I found this recent article about all the different types of milk that are available to buy. It explains their nutritional value, uses etc and I thought as so many people with cancer give up drinking milk and having dairy products, (see blog posted on April last year called ‘The White Stuff’), I thought that this article would be useful to share.
There seems to have been a huge surge in the different types of milk available possibly because the food manufacturers are realizing that people want alternatives particularly as so many people seem to have a dairy intolerance or who wish to stop using milk from an animal. I have written the information in a bullet point format to make it easier to pick out the details.
- Nutritionally similar to whole cow’s milk containing protein, calcium and vitamins A and D;
- A useful option for those who cannot tolerate cow’s milk as it has smaller fat particles and less lactose (the sugar found in milk).
- Works well in all cooking and hot drinks.
- 100mls contains 61 calories; 120mg of calcium; 3.6mgs of fat; 4.3mgs of sugar; 2.8mgs of protein.
- Comparable in protein content to cow’s milk and is low in fat. Some brands are fortified with calcium and vitamins A and D. It has a nutty and thick but not sticky flavour
- Good for non dairy drinkers and those who do not have hormone driven cancers because of its phytoestrogen content. It mixes well in tea and coffee and works well in baking.
- 100mls contains; 37 calories; 120mg of calcium; 1.7g of fat; 0.8g of sugar and 3.1g of protein.
- A blend of almonds and spring water. It is fortified with calcium and vitamins including vitamins D and B12.
- It is good for vegans and anyone who wants to avoid animal products, because it is fortified with vitamin B12 and this is only normally present in animal foods that vegans will not eat.
- It has a subtle nutty flavour.
- Suitable for cooking and baking and in coffee.
- 100mls contains; 13 calories; 120mg of calcium; 1.1g of fat; 0.1g of sugar and 0.1g of protein.
- Made from pressed coconut with added calcium. There is a lower protein content and a higher level of fat but because it is a medium chain fatty acid the fat is converted very quickly to energy rather than being stored as fat. Therefore it is very good for people who have low energy particularly if you are suffering from fatigue.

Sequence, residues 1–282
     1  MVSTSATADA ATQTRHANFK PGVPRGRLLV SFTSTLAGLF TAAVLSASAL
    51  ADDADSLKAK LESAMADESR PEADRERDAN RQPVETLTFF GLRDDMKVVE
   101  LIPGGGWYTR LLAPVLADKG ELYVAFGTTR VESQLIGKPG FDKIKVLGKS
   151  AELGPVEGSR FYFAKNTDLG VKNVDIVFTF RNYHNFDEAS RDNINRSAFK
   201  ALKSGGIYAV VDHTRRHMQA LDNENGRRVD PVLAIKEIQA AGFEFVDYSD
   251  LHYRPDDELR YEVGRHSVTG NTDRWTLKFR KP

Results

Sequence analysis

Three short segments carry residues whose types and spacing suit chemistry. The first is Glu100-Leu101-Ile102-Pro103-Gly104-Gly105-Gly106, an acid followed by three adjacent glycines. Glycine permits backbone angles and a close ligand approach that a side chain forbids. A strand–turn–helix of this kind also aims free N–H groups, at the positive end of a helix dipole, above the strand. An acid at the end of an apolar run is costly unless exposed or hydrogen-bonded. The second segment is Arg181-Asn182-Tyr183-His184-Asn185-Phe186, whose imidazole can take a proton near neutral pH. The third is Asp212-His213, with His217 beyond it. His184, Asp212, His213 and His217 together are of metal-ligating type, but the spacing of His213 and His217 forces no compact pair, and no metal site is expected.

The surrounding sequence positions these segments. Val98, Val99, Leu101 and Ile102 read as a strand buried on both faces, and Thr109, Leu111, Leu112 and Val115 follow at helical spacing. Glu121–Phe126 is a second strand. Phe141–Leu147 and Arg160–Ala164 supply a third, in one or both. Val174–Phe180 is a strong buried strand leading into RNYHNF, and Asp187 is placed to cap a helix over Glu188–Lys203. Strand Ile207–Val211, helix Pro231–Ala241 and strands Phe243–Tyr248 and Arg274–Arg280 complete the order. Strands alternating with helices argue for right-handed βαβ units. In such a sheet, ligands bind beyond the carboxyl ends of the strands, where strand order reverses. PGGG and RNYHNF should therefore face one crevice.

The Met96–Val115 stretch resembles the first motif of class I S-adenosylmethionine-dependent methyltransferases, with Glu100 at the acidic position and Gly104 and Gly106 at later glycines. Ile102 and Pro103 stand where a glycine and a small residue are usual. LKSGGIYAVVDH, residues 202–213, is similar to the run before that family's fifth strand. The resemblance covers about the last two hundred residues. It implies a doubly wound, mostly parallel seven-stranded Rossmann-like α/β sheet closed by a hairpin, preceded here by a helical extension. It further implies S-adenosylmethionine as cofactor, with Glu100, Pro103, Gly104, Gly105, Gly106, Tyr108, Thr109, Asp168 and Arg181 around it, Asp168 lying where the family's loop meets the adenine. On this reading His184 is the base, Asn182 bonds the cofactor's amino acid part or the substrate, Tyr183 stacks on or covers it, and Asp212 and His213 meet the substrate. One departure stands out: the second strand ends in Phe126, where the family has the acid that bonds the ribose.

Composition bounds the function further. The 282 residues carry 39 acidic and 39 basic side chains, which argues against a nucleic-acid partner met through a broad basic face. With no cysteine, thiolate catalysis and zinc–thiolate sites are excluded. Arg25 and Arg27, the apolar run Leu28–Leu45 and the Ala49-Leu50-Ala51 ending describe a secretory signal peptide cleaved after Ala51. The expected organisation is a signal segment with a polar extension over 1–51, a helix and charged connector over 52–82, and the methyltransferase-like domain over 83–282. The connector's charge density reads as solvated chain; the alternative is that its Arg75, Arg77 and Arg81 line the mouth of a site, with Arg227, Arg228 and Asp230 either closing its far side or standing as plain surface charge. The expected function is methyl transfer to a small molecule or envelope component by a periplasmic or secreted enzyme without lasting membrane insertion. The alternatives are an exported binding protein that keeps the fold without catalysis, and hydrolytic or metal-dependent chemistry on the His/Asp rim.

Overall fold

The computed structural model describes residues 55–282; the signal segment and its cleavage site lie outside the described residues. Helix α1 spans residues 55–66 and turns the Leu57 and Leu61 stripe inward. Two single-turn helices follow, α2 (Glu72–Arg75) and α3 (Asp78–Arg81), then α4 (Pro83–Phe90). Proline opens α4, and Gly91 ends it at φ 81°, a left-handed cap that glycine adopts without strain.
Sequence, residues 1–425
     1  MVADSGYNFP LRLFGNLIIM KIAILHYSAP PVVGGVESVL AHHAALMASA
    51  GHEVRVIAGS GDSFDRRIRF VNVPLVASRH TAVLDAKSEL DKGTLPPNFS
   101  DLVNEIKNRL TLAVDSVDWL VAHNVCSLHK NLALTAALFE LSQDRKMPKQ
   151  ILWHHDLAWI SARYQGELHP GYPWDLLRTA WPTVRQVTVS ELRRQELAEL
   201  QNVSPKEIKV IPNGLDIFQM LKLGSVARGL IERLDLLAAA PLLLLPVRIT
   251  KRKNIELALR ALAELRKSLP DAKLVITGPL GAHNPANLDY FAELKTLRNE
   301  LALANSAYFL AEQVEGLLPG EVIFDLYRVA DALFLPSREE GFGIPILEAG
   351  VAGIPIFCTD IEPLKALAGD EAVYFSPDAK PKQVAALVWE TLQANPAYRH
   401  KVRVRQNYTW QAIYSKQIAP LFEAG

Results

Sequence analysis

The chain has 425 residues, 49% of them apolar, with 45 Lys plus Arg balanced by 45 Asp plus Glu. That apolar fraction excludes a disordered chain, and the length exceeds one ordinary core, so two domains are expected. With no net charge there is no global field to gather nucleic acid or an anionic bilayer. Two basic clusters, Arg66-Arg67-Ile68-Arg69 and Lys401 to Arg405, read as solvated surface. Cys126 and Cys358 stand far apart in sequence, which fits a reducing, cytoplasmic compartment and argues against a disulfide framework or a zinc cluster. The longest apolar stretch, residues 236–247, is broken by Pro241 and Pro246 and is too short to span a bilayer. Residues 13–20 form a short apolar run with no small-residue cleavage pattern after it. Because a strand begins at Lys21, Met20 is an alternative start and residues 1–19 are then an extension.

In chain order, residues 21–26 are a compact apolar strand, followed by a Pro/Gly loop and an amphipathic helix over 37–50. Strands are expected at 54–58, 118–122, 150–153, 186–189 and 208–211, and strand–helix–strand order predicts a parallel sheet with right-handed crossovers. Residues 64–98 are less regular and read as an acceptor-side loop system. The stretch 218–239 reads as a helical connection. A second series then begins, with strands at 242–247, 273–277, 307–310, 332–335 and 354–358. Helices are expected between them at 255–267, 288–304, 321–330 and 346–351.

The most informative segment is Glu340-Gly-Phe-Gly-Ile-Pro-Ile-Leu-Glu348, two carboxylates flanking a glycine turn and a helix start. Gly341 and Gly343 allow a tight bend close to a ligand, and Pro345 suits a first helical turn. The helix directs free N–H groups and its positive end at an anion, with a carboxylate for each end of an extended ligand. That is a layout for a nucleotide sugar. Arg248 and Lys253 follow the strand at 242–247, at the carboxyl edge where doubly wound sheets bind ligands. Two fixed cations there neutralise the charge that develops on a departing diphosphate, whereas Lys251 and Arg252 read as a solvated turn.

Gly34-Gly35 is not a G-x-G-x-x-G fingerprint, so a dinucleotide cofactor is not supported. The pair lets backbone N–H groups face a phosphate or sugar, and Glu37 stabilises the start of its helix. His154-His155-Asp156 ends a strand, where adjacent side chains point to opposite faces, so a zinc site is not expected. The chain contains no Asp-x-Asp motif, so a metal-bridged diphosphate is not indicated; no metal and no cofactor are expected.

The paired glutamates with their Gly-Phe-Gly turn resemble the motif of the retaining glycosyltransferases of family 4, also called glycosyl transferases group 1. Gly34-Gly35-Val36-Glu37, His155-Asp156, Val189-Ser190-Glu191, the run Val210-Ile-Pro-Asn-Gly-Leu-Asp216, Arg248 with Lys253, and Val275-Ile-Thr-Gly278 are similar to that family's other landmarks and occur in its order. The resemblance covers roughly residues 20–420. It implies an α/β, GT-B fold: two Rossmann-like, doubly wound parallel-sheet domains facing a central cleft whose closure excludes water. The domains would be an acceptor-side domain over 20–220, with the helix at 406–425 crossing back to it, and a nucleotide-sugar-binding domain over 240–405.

- Goes well on cereal and in tea, coffee and in smoothies. Can be used in cooking especially if you want dairy free pancakes.
- 100mls contains; 25 calories; 120 mg of calcium; 1.8g of fat; 1.6g of sugar; 0.2g of protein.
- A blend of hemp seeds fortified with calcium and vitamin D.
- It has a mild slightly sweet taste and good in hot drinks, smoothies or sauces or freeze with fruit or honey to make a non dairy ice cream.
- 100mls contains; 39 calories; 120mg of calcium; 2.5g of fat; 1.6g of sugar; 0.04g of protein.
- Made from oats and enriched with vitamins and calcium. It has all the health benefits of oats.
- It has a creamy texture with a slight powdery aftertaste.
- It will not split on cooking therefore good for making sauces, making porridge and puddings or in smoothies.
- 100mls contains; 25 calories; 120g of calcium; 1.5g of fat; 4 g of sugar; 1.0g of protein.
- A sweet milk as rice is naturally quite a sweet grain, low in protein but fortified with calcium.
- It has a thin consistency so if used in cooking then you may need to add a little more flour if making a sauce. It makes a good rice pudding and because it is a sweet milk it does not need the addition of sugar just some nutmeg or cinnamon perhaps.
- 100mls contains; 47 calories; 120mg of calcium; 1.0g of fat; 4 g of sugar; 0.1gof protein.
Calcium content compared to cows milk
As you can see that all the milks contain 120mg of calcium compared with cow’s milk which has 122mg so hardly any difference, so if you are concerned about your calcium intake then any alternative milk available seems to be just as useful.
But remember in order to make full use of the calcium and to assist in the absorption in to the bones we need vitamin D3. Most of the milks are fortified with vitamin D which takes the worry out of the equation. Note that if you do drink cow’s milk and opt for semi skimmed or skimmed then the vitamin D content will have been removed as vitamin D only comes in fats that is why it is known as a fat soluble vitamin.
If you decide to have an alternative milk then I think any are very good it is just a matter of taste preference and availability. Although I do know that most of them can be bought from any large supermarket.
I hope that you have found this useful. I certainly did especially as someone else has done all the research which makes life easier.
You may also be interested in my blog on milk: The white stuff (April 2012)
Blog originally written by Caroline April 2013